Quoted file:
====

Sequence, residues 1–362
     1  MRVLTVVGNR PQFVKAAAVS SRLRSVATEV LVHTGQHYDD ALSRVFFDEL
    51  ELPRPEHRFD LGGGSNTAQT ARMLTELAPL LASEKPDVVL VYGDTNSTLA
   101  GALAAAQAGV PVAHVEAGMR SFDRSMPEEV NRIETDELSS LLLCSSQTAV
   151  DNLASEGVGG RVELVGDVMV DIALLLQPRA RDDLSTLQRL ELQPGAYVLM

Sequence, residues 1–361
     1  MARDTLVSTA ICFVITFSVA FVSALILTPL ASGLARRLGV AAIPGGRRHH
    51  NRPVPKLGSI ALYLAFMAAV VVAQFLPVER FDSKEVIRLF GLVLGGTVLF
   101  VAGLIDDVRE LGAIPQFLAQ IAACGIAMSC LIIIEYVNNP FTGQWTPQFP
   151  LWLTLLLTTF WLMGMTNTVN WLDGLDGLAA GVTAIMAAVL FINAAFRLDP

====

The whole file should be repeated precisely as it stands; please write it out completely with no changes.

Sequence, residues 1–362
     1  MRVLTVVGNR PQFVKAAAVS SRLRSVATEV LVHTGQHYDD ALSRVFFDEL
    51  ELPRPEHRFD LGGGSNTAQT ARMLTELAPL LASEKPDVVL VYGDTNSTLA
   101  GALAAAQAGV PVAHVEAGMR SFDRSMPEEV NRIETDELSS LLLCSSQTAV
   151  DNLASEGVGG RVELVGDVMV DIALLLQPRA RDDLSTLQRL ELQPGAYVLM

Sequence, residues 1–361
     1  MARDTLVSTA ICFVITFSVA FVSALILTPL ASGLARRLGV AAIPGGRRHH
    51  NRPVPKLGSI ALYLAFMAAV VVAQFLPVER FDSKEVIRLF GLVLGGTVLF
   101  VAGLIDDVRE LGAIPQFLAQ IAACGIAMSC LIIIEYVNNP FTGQWTPQFP
   151  LWLTLLLTTF WLMGMTNTVN WLDGLDGLAA GVTAIMAAVL FINAAFRLDP